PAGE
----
WHY IS MURDER BY IRAN, BUT NOT SAUDI ARABIA, PERMISSIBLE?
Iran's "moderate" President Hassan Rouhani this weekend referred to Israel as a "cancerous tumor" implanted by Western colonial powers that needs to be eradicated. He is the latest Iranian leader to either deny the Holocaust or outright call for the Jewish state's destruction. This includes suave-speaking Iranian Foreign Minister Mohammad Javad Zarif, who in May was captured on video mouthing "Death to Israel" and, for good measure, "Death to America" following a speech by Supreme Leader Ayatollah Ali Khamenei.
In response, Israeli Prime Minister Binyamin Netanyahu denounced Rouhani's "slander," reiterated that Jerusalem will defend itself against Iranian aggression, and stressed that such rhetoric proves "why the nations of the world need to join in the sanctions against the Iranian terrorist regime which threatens them." Instead, most of the nations of the world—led by the European Union—are busy devising mechanisms to circumvent renewed American financial penalties on the Islamic Republic. This, despite the fact that Israel earlier this year outed Tehran for lying about its previous nuclear activities, and notwithstanding that the Iranians were busted for attempting this summer to perpetrate attacks targeting dissident groups in both France and Denmark. Then there is Iran's fueling of conflict across the Middle East through its ongoing support for the Assad regime in Syria; Hizbullah in Lebanon; Popular Mobilization Units in Iraq; the Houthis in Yemen; and Hamas in the Gaza Strip. Nevertheless, the Obama administration had no qualms about courting the mullahs, using the 2015 atomic accord and its $100-billion bail-out as an instrument to upend decades of U.S. foreign policy by shunning traditional Sunni allies in favor of Shiite Tehran. This was hailed, mind you, by the American media as the exploit of a visionary who was ushering in peace in our time. Contrast this with the West's reaction—save for United States President Donald Trump—to the grisly murder of Saudi journalist Jamal Khashoggi. Most European powers immediately sanctioned the 18 people arrested in connection with the killing—even as these same states refuse to blacklist Hizbullah's "military wing"—while Germany and, ironically, Denmark suspended future arm sales to the kingdom. Congressional Democrats, who near-unanimously backed Obama's embrace of Iran, are pushing for the same recourse with some even calling for the complete severing of ties to the House of Saud. Meanwhile, the American media has essentially become a mouthpiece for Turkish President Recep Tayyip Erdogan—the world's foremost jailer of journalists—by parroting his leaks despite the obvious attempt to leverage the crisis in order to weaken Riyadh, which, by happenstance, views Turkey as a foe due to its support for the Muslim Brotherhood and close relations with Iran and Qatar.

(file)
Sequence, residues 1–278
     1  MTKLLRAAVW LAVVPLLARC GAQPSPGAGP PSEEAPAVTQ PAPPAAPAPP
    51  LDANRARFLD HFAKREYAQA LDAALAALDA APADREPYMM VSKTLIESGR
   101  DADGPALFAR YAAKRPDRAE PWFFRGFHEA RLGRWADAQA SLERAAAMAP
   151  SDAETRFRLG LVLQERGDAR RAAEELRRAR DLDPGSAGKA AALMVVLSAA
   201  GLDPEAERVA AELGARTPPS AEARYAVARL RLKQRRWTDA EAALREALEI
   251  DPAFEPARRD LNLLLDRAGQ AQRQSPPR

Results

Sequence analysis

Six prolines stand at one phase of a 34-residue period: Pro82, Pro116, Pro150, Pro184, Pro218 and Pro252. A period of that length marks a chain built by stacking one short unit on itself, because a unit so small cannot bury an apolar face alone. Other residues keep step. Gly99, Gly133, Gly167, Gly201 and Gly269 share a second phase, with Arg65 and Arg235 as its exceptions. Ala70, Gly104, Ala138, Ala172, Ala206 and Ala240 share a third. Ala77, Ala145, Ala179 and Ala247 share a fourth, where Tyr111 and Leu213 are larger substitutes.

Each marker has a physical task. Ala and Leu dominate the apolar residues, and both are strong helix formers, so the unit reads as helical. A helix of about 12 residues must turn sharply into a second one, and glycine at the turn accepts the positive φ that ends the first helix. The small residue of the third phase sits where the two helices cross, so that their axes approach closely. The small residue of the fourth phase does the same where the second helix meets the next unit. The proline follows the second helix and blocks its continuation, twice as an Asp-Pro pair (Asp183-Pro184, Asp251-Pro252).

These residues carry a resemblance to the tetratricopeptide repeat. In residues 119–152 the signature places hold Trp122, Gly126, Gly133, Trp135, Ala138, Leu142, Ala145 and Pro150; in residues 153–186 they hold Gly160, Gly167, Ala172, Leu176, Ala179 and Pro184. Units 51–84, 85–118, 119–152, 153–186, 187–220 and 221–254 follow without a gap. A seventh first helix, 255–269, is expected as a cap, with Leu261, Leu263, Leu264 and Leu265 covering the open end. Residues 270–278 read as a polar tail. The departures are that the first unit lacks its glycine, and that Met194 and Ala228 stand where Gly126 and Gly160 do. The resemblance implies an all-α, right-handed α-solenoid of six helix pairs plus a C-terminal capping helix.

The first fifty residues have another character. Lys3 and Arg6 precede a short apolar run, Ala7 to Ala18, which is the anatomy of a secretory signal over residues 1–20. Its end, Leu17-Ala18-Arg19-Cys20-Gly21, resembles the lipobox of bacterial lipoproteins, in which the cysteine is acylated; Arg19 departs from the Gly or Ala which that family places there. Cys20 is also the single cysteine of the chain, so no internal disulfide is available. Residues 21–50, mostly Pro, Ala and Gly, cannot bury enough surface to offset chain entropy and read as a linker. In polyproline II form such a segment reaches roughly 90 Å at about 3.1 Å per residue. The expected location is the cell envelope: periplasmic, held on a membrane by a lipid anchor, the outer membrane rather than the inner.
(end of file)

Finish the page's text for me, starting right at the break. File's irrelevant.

Dr. Uzi Rabi, Director of the Moshe Dayan Center for Middle East and African Studies at Tel Aviv University, believes that while there is an element of hypocrisy at play, the inconsistencies are the inevitable manifestation of opposing approaches to dealing with a complex and turbulent region. "Just this morning there were maybe 100 people [injured] in Syria in a chemical attack, but there was no outcry [against Iran which is deeply involved in the war]," he noted to The Media Line. "There are different schools of thought in terms of solving problems, and many continue to suffer the consequences because they view things [through the lens of] Western ideals. "President Trump is to a degree changing this equation by assuming a policy based on other considerations. But there is not one common rhythm as each player in this multi-polar world is pursuing its own interests." It is admirable that many in the West are dedicated to upholding "universal values," even though such principles are evidently unique to "enlightened" countries. This holds, however, only when a given campaign is proportionate to the crime, with standards applied uniformly across the board. In fact, one is tempted to conclude that the discrepancy in the treatment and coverage of Iran and Saudi Arabia has less to do with morality than with geopolitics, as by no objective measure is Riyadh a greater destabilizing force or responsible for more deaths, civilian or otherwise, than Tehran. As regards Western interests, specifically, it is undeniable that the mullahs currently pose a much greater direct threat to Europe and the United States than the Saudi royals. "One cannot talk about human rights and then support the nuclear deal with Iran, as it is now apparent that the accord has not moderated Tehran's conduct and everyone knows what it is about," Dr. Emmanuel Navon, a Professor of International Relations and a Fellow at the Jerusalem Institute for Strategic Studies, contended to The Media Line. "So while it is outrageous for President Trump to let Saudi Arabia get away with murder, so to speak, the atomic agreement was also indefensible. Perhaps the U.S. administration could have extracted more of a price from [Saudi Crown Prince] Mohammad bin Salman, but at the end of the day this is about realpolitik." Accordingly, many analysts agree that the current over-riding sentiment in the West is the by-product of a prevailing ideological bent towards the Iranian-Turkish axis—which, notably, is backed by Russia—versus the burgeoning Sunni Arab-Jewish state alliance. That President Trump is an ardent proponent of the latter no doubt at least partially accounts for the ongoing heated debate. In his speech Saturday, Rouhani also urged the global Muslim community to rally together in opposition of the United States, which his regime considers the "Great Satan." It is somewhat perplexing that so many "devils" would choose to side with the world's foremost state sponsor of terrorism, one that openly defines itself as an enemy, rather than work to reform an oft-brutal friend.